They are involved in the production of sperm and the secretion of male sex hormones. The contraction of one or both testicles depends on the severity and duration of atrophy.
There are several causes for the condition, such as hormonal imbalance and the use of medications.
The widespread opinion is that the risk group is exclusively men dedicated to lifting weights, particularly those who regularly visit the gym and participate in strength exercises for muscle development.
However, it can be stated that this belief is entirely wrong.
All types of drugs from the group of anabolic steroids, which are often accompanied by bodybuilding, are by no means the only and foremost reason that leads to the appearance of testicular atrophy.
The probability of appearance and development of this disease is quite significant for the rest of the mass of men. And the fact that a man has never been treated with steroids and all kinds of appropriate bioactive additives does not rule out such a possibility.
The atrophic processes of the testes occur over a long period. In the case of the timely diagnosis of the appearance of pathological changes, their subsequent development can be prevented.
The causes of testicular atrophy can occur during the period of intrauterine development. They are represented in particular by cryptorchidism.
In the eighth month of carrying the child, the testicles are lowered into the scrotum. If the testicle remains in the cavity of the peritoneum or the inguinal canal during this process, this can lead to the cessation of its development and subsequent atrophy.
Atrophy of the testes can occur due to injuries and inflammatory processes, hydrocele, or orchitis.
Blood flow disorders also cause testicular atrophy. It arises from the side with which the spermatic artery can be compressed. The compression of the seed route is one of the possible consequences of surgical intervention in the scrotum and inguinal canal plastic.
Traumatic causes also occur in cases of injury to the spine in the lumbar region, in which the innervation of the testicles is affected. Lead to atrophy of the testicles can also cause orchids caused by trauma.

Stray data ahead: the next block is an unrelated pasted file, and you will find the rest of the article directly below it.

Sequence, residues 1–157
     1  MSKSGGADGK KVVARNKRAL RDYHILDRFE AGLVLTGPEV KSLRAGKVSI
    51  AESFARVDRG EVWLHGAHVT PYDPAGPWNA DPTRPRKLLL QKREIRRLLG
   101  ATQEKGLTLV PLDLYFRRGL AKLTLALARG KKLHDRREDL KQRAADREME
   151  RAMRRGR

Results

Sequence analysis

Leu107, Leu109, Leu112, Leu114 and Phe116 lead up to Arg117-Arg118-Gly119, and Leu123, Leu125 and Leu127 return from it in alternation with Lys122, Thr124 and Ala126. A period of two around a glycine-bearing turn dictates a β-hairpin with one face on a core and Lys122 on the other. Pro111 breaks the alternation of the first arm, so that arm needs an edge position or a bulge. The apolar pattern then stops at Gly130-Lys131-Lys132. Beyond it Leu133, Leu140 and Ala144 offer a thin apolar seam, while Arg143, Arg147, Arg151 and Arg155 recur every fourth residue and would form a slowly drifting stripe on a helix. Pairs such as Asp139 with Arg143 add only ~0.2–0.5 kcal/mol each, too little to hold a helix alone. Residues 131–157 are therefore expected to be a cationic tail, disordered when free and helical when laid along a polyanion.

The parenchyma of the testicle with its inflammation is characterized by a predominantly unilateral character, which causes the probability of testicular atrophy from the side that is susceptible to said inflammatory process.
Some causes of testicular atrophy are also hormonal. The atrophic processes of the testes are possible in the context of obesity in its severe stages and the hormonal imbalance associated with the regulation of sex hormones.
The testes are composed mainly of two types of cells responsible for their function:
Germ cells: the germ cells are responsible for the production of sperm.
Leydig cells: Leydig cells are responsible for the production of testosterone, the male sex hormone.
The normal development of the testicle produces both types of cells in equal proportions and results in the testicles being round, firm and full.
Decreasing the levels of one or both of these cell types can lead to changes in testicular fluid levels, resulting in highly shrunken testicles.
Imbalances due to side effects of medications, radiation exposure, or even the chronic use of steroids may cause.
When hormonal imbalances occur, the body perceives that it has more than enough sex hormone circulating in the body, which leads to less production in the testicles, which causes them to shrink.
The interruption of these offensive medications can often reverse this occurrence, depending on the severity.
It is known that medical conditions such as mumps virus and HIV cause testicular atrophy. The situation can be reversed with the treatment of the disease, but it depends on the severity of the atrophy.
Orchitis refers to the inflammation of the testicles. Its main symptoms are pain and swelling in the testicles, but it can also cause nausea and fever. While swelling can initially make your testicles look bigger, orchitis can eventually lead to testicular atrophy.
There are two main types of orchitis:
Viral orchitis: this is usually caused by the mumps virus. Up to a third of men who have mumps after puberty develop orchitis. This often occurs within four to seven days after the appearance of the mumps.
Bacterial orchitis: this type of orchitis is often due to a sexually transmitted infection (STI), such as gonorrhea or chlamydia. In some cases, it is caused by an infection in the urinary tract or by inserting a catheter or other medical instrument into the penis.
Other causes of testicular atrophy: